Maintaining Northern connections

By | Business
Norwegian currency.Credit@norges-bank.no

Norway and Europe may have a unique relationship in comparison to other countries which are tied to the European Union. With the upcoming referendum in the United Kingdom taking place this Thursday, many may consider the success of Norway and the relationship between the Scandinavian country and its continental counterparts. Norway is far from an European Union member state, however they are part of the European Economic Area which means the country takes part in the EU internal market. Norway is also a part of the Schengen Agreement and cooperate with the European Union on foreign and security policy matters. Through this agreement, Norway, Iceland and Liechtenstein are equal partners in the EU internal market and on the same terms as the other European Union states. This includes having access to the internal market’s four freedoms: the free movement of goods, persons, services and capital.

Norway considered joining the European Community in 1972 and joined the European Economic Area (EEA) in 1994. The EEA agreement covers most aspects of its relations with the European Union including the EU single market, EU agencies and programmes, social and economic cohesion and regular political dialogue on foreign policy issues. According to an official document by the Norwegian government, they intend on cooperating closely with the EU and participating actively in ongoing political processes in Europe. The EEA agreement ensures Norway enjoys the benefits of free movement and gives Norwegian business access to a ‘domestic market’ consisting of 31 countries with a population of 500 million. Common European rules ensure Norway competes on the same terms as firms from other EU countries, in attempts to safeguard Norwegian jobs and welfare. The EEA agreement may also be beneficial as it includes rules for consumer protection and common environmental rules, as well as providing the opportunity for Norwegians to live, work and study in other EU countries without needing a visa.

Norwegian flag.Credit@mroach.flickr.com

Norwegian flag.Credit@mroach.flickr.com

Norway may be a prosperous country, as the country is the world’s third largest exporter of gas and tenth largest exporter of oil. Norway is the EU’s second largest supplier of energy products (after Russia) including crude petroleum, natural gas and gas liquids. Norway is also one of the world’s largest exporters of fish, with around 60 per cent of total Norwegian seafood exports go to the EU. Over the next few years, Norway aims to continue representing the Norwegian government in Brussels and promote the government’s policies and positions. It also aims to safeguard Norwegian interests in negotiations with the European Commission, the European External Action Service and the Council of the European Union. Furthermore, the country’s government aims to increase awareness of Norway’s close ties with the EU, in particular Norway’s participation in the internal market.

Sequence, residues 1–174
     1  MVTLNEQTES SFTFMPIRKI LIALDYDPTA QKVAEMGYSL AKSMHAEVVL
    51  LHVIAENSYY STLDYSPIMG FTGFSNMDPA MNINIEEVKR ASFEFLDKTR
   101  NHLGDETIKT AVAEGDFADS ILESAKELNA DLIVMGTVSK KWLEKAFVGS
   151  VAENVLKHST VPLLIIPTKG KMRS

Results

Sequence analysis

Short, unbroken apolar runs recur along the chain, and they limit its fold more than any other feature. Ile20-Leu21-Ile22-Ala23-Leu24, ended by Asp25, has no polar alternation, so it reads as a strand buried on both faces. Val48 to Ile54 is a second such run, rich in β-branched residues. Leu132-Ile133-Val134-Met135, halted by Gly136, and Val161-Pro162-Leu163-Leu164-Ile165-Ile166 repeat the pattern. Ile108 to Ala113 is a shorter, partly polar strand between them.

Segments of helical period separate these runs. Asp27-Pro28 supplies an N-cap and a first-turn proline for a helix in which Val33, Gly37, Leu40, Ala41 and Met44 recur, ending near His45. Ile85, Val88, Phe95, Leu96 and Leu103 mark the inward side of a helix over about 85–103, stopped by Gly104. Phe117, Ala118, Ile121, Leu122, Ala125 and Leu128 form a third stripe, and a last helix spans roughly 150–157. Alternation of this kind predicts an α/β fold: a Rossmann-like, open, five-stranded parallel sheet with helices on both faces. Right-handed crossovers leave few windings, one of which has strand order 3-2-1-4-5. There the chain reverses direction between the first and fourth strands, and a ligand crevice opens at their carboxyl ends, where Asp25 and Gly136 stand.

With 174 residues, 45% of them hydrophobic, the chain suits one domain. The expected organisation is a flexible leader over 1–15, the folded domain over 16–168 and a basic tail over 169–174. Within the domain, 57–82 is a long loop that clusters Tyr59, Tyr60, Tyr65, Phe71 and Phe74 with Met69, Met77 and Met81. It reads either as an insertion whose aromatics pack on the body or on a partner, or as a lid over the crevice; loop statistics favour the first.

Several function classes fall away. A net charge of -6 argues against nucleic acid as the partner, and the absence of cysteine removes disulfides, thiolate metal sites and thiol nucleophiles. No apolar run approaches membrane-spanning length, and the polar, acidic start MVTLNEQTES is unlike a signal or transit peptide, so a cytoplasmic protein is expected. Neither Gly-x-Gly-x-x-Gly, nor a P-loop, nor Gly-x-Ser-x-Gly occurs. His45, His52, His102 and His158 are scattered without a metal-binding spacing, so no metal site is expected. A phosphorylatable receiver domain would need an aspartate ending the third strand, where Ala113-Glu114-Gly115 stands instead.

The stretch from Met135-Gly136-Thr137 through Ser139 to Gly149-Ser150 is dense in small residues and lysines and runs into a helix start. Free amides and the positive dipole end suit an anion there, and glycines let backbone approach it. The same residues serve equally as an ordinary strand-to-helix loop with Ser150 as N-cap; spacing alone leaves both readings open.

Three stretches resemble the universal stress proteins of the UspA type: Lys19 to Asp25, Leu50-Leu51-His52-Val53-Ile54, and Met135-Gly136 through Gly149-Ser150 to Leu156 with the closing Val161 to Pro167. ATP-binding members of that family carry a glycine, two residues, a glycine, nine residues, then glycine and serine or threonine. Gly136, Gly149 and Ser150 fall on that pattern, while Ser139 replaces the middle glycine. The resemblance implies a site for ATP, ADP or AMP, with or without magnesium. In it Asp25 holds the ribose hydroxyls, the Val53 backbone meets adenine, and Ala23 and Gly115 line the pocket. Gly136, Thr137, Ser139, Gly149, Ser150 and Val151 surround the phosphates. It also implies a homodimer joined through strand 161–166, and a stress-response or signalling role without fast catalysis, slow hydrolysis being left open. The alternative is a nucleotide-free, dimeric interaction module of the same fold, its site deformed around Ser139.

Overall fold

Oslo Sentralstasjon.Credit@Wikipedia

Oslo Sentralstasjon.Credit@Wikipedia

As one of the world’s largest producers of hydropower, there is extensive power trade between Norway and the neighboring Nordic countries, as well as with continental Europe. In terms of politics, the EEA agreement provides a main platform for political cooperation and is monitored closely. There are regular meetings between the Prime Minister and Minister of Foreign Affairs with European leaders such as the President of the European Council or the President of the European Commission to discuss issues of current interest. Although the EEA agreement is the mainstay of Norway’s political cooperation with the EU, Norway has chosen to collaborate with its European partners in more areas than those covered by the agreement. This may help Norway promote its interests and contribute to the overall positive development of the EU.

How might Norway’s EU arrangements be of particular appeal to the United Kingdom?

 

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